Air has weight, it has a property called "specific heat" which, simplistically, is the number of BTUs or amount of heat required to raise the temperature of a given mass a given amount. There is a difference between heat and temperature. A candle flame might produce a very high temperature but it will not produce much heat. You can pinch the flame between your fingers and not get burned because there is not enough heat to raise the temperature of your skin to the level that will cause damage.

A turbocharged diesel uses the turbo to compress charge air above ambient pressure, which in the case of a normally aspirated engine will be less than atmospheric pressure. The additional air provided by “boost” above atmospheric pressure provides enough oxygen to support burning more fuel and thereby produce more power than a normally aspirated (NA) engine.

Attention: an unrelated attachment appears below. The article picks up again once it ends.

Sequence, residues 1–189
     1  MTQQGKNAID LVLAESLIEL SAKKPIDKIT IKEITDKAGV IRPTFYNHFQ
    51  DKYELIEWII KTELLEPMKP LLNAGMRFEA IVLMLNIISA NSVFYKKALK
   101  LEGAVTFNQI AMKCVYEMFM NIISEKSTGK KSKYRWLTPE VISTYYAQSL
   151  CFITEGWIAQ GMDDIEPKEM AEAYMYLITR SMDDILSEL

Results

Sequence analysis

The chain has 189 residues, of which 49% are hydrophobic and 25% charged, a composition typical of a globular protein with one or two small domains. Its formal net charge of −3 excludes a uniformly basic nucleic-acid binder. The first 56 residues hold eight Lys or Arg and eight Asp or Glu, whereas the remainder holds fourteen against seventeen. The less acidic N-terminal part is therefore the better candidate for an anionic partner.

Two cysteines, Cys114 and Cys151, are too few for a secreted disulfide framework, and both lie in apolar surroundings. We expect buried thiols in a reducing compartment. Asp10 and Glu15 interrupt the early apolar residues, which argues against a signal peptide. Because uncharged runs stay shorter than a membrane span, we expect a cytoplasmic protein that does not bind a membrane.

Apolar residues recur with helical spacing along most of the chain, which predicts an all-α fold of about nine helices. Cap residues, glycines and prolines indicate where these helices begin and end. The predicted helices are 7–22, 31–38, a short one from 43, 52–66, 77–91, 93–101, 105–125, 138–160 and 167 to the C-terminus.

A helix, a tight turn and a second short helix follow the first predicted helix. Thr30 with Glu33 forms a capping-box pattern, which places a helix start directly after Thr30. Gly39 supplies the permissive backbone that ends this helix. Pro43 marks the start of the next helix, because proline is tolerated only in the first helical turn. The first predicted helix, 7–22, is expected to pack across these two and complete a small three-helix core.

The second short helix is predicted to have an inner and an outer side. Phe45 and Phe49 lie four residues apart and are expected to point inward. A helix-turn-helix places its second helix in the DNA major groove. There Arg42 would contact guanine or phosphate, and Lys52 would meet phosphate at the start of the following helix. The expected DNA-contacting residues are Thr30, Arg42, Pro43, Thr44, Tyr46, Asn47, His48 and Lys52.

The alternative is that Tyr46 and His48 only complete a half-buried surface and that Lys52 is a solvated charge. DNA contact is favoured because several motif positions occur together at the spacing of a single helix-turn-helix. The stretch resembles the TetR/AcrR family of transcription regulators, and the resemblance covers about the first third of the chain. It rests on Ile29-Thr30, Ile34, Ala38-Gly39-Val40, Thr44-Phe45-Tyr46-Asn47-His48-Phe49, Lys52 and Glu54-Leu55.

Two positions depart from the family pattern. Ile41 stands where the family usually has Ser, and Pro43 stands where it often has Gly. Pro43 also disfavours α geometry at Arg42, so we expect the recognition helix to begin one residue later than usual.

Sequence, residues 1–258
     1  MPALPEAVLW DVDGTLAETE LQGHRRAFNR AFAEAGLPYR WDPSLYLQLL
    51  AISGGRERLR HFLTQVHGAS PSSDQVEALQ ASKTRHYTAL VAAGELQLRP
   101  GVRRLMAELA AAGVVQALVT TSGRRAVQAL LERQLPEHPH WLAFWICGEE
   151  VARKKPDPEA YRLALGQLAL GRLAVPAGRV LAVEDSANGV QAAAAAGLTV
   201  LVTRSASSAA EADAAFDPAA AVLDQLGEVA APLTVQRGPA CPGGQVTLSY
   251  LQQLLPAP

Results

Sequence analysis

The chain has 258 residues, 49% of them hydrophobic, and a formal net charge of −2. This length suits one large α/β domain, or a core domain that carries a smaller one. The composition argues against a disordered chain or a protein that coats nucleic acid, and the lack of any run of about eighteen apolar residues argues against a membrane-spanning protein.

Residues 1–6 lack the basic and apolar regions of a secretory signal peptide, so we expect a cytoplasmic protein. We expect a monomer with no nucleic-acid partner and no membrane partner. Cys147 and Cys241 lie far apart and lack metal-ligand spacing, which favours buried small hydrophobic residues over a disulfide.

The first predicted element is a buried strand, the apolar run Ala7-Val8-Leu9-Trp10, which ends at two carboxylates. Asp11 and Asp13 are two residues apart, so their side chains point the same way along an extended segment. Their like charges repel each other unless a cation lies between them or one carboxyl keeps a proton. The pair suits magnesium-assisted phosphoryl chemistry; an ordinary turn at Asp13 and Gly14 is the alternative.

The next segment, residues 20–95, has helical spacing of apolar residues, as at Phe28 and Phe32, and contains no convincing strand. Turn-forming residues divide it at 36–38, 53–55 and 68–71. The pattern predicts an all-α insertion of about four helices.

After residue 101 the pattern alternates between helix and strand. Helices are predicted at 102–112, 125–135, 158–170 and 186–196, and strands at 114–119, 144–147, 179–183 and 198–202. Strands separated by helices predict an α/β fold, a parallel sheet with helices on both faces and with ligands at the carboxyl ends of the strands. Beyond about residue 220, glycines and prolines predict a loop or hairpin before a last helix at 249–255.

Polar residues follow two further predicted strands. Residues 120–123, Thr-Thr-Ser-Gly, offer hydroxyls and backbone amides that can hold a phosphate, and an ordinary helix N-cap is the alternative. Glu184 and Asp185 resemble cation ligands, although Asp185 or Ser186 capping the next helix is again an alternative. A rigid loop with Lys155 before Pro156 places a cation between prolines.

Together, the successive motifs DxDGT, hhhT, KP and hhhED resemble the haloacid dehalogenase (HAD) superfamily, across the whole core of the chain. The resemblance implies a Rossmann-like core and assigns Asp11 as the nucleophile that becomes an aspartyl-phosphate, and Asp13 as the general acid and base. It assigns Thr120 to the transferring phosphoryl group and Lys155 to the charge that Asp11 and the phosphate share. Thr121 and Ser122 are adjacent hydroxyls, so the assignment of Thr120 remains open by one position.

To eliminate the need to add structural strength and weight to achieve this end, the turbocharged engine has a lower compression ratio and the capability of injecting more fuel than its NA cousin. The turbocharged engine also incorporates a slightly different valve timing scheme that provides a period of “overlap” at the end of the exhaust stroke so that both inlet and exhaust valves are open simultaneously for a short period. The purpose of this is to allow comparatively cool charge air to more completely scavenge exhaust gases from the cylinder and to cool the exhaust valves.

Not all turbocharged engines are inter or (more properly) after cooled, but when high performance (and these days – low emissions) is the goal, a charge air cooler increases the charge air density to allow more fuel to be burned to create even more power.